Review: Philips Hue Festavia

Christmas lights have become smart

Get into the Christmas spirit with Philips Hue. We've reviewed the smartest Christmas string light to date.

Published 3 December 2022 - 11:00 am
Philips Hue Festavia
John Hvidlykke

Philips Hue is to smart light sources what Sonos is to multi-room sound: the biggest and best-known supplier. And also the most versatile. We’ve tested many Philips Hue light sources, and they’ve repeatedly received our recommendations.

Now Signify, the company behind Philips Hue, has gotten into the Christmas spirit. Philips Hue Festavia is a Christmas tree (or window) light. The string light fits into the Hue ecosystem and can be controlled together with the other light sources in the house from the same manufacturer.

Bridge or Bluetooth

In fact, a Philips Hue Bridge is not absolutely necessary to use the Festavia string light. It can also be controlled via Bluetooth, but then you miss out on the more advanced features. And the mobile phone has to be near the light chain.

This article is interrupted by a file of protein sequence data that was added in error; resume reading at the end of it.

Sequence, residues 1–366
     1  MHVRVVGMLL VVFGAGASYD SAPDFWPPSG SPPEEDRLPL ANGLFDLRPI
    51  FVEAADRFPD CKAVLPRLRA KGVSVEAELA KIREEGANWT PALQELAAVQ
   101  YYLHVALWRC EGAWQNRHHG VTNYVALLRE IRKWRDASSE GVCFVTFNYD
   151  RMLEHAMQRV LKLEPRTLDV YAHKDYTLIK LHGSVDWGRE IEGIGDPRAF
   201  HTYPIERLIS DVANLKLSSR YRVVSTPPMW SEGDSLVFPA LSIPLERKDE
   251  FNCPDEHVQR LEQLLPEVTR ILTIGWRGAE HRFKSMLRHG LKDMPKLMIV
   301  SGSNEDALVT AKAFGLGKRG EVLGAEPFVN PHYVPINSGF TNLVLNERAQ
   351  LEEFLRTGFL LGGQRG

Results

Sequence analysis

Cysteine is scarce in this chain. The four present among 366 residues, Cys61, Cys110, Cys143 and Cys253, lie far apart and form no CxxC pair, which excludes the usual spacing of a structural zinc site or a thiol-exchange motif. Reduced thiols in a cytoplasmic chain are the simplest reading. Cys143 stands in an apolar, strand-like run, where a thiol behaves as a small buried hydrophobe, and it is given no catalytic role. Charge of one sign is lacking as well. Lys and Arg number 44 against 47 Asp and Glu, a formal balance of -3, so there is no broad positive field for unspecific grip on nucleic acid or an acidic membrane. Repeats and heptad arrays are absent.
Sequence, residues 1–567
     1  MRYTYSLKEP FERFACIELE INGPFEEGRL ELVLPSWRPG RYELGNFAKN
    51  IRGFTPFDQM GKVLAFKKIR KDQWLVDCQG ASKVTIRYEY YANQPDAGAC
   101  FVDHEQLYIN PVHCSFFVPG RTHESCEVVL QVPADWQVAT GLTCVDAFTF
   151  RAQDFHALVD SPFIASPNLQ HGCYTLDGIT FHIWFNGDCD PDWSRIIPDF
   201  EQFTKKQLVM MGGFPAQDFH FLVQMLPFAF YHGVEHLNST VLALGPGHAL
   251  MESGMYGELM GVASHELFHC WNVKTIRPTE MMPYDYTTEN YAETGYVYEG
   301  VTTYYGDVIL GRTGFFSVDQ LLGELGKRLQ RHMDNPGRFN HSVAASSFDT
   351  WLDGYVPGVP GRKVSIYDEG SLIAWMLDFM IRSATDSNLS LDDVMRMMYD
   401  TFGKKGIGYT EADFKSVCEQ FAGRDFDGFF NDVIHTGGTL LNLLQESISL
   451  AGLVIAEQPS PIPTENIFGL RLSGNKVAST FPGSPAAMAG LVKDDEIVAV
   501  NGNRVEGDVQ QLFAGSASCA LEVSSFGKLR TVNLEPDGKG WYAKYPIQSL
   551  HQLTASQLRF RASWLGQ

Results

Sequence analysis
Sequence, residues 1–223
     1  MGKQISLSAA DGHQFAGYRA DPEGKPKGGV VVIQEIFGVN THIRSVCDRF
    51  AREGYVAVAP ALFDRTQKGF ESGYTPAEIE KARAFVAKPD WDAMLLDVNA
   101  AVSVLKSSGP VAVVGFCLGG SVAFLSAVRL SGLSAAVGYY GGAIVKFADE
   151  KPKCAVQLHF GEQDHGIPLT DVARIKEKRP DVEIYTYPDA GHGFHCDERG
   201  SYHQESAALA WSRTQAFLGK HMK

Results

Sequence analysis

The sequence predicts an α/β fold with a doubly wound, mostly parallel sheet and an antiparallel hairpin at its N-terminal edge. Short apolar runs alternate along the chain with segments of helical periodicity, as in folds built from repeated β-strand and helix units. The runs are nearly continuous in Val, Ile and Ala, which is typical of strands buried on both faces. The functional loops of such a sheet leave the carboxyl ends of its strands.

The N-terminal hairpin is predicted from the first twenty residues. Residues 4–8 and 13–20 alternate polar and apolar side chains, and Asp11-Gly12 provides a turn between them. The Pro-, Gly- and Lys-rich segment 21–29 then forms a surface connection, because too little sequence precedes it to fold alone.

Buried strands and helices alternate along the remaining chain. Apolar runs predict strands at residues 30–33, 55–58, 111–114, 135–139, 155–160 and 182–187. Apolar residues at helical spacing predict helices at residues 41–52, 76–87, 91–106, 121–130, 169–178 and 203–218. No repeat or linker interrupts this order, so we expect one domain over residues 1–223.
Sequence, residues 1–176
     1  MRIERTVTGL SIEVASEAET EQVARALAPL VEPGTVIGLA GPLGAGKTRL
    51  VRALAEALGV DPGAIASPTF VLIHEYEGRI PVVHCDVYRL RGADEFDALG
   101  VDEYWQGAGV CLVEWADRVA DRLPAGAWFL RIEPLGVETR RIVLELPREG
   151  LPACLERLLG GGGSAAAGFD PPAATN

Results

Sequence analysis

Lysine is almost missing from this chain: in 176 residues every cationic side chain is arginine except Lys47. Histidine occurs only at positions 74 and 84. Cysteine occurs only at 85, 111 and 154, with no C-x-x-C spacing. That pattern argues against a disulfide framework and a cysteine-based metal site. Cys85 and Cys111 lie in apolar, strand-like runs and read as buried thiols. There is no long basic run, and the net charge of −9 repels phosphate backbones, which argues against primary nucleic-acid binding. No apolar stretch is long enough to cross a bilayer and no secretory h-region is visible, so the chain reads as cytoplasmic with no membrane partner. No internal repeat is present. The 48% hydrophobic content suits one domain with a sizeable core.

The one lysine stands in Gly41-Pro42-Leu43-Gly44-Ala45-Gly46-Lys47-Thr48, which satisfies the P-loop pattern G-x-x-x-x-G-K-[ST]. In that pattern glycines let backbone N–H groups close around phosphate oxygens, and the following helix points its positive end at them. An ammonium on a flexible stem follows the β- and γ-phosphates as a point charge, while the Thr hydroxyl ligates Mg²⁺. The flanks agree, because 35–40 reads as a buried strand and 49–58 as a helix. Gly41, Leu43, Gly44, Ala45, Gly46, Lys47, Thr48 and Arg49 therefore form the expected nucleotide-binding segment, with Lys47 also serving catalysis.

But to the point: Philips Hue Festavia looks like most regular light chains. The string consists of three intertwined black cords, and the 250 LEDs in total are spaced eight centimetres apart across the 20-metre length. A solid power supply and a small control box provide the connection to the outside world. Although the physical quality seems quite a bit better than cheaper string lights, the Festavia string is not waterproof and is intended for indoor use only.

At first glance, the string light looks like the ordinary one from the supermarket. But only until the lights comes on. (Photo: Signify)

Simple set-up

Setup is similar to other Philips Hue light sources. The app finds out in seconds that there is a new light source in the house, then the light chain needs to be named and added to one of the rooms.